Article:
NBA 2K20 | My Career Mode | Review | Switch - Japan-based Nintendo Podcasts, Videos & Reviews!


Friday, May 22, 2020

NBA 2K20 | My Career Mode | Review | Switch

by Danny Bivens

Barnburner sales make for delicious fun?
I love sports games. So when I saw NBA 2K20 on sale for ¥385 (roughly $3.50 USD) on the Japanese eShop, I jumped on the chance to pick the game up. Every NBA offseason since 2018, I’ve picked up all of the NBA 2K games on the Switch, focusing on playing through mainly the My Career Mode. While the mechanics of the series are super solid, I always found that the pace of the progression was glacier. Of course, 2K would graciously allow players to build up their player quickly by offering in game VC (Virtual Currency) to boost your player to superstar levels for a price. But is the progression in the 2K20?

The first thing I do every time I pick up an NBA 2K game is get straight into the My Career mode, creating my character and then picking up with what the year’s story has to offer. Of course you can do whatever you like in this respect - make a character look like you or somebody completely different. A cool feature that made its return here is the ability to scan your face into the game. This has been done in other series with varying degrees of success. While the process here isn’t necessarily hard to do (all you need is a smartphone and an app), the results are mediocre at best. I even went as far to scan my face outside using the rear camera of my phone, but still, I end up looking like a monster. Maybe I give myself too much credit in the looks department, or maybe it’s just a problem limited to the Switch version. Still, creations look a little bit weird.
I won’t spoil the story in this mode here (you can actually download a free demo to get a taste of it if you like), but I found myself enjoying it a bit more than I did with previous stories. You start out in college in a tournament game and then have to make some “tough” decisions based around one of your teammates. The cool part in this mode is that your decision carries into the commentary in future games. While playing, you’ll also have to do things like address the media or deal with unruly fans. The way you tackle these interactions is totally up to you.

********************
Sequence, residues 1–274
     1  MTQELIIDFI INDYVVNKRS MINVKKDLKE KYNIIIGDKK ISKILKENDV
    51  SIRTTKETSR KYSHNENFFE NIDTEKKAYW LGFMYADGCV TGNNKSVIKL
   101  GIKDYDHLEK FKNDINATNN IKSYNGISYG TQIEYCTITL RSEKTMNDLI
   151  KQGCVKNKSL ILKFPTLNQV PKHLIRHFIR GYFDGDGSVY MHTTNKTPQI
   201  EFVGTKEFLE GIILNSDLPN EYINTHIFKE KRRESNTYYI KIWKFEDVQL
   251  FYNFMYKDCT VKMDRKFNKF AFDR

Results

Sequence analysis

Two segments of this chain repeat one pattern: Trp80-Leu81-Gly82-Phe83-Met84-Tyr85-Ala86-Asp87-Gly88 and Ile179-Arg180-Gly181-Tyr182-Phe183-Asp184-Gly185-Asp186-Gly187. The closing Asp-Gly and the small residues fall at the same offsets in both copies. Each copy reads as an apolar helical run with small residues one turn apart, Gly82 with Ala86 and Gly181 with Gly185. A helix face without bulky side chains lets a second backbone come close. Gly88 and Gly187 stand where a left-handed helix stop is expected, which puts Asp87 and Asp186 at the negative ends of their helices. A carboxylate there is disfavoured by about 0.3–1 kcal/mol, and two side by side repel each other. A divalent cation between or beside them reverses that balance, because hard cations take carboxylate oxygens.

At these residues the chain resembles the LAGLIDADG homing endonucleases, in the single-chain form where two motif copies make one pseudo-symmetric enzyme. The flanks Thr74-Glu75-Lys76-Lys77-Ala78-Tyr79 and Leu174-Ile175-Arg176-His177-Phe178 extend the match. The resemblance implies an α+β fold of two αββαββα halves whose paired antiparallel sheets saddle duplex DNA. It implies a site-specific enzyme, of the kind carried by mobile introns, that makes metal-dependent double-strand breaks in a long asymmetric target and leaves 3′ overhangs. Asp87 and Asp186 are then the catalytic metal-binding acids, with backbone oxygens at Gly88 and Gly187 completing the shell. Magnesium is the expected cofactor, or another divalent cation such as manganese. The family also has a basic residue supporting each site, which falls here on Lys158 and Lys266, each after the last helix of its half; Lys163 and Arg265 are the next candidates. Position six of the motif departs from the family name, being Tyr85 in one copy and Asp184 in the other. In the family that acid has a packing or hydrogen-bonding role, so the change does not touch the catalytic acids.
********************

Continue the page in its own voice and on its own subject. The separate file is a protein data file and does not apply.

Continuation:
Gameplay might be a bit tough for those coming into NBA 2K for the first time or for those that have taken a break from the series for a number of years. You can’t simply drive to the basket and dominate like you could in the games of yesteryear. 2K20 even encourages you to be more of a team player here with a grading system that translates to VC. Even if you can’t score tons of points, you’ll net VC for assists, blocks, steals and many other in game actions. It pays off to be deliberate. The VC you earn can be used to upgrade your character’s statistics and also to buy in game items to make your character look cool off the court (if you’re into that). Obviously, focusing on making your player better should be key - the better you are, the more potential you have for earring VC in games and/or practices. Of course, starting out with a terrible overall rating in My Career mode makes this mode a bit tough, but if you stick with it, you will find the game getting easier the more you play due to your overall rating getting higher (and just more experience with the game).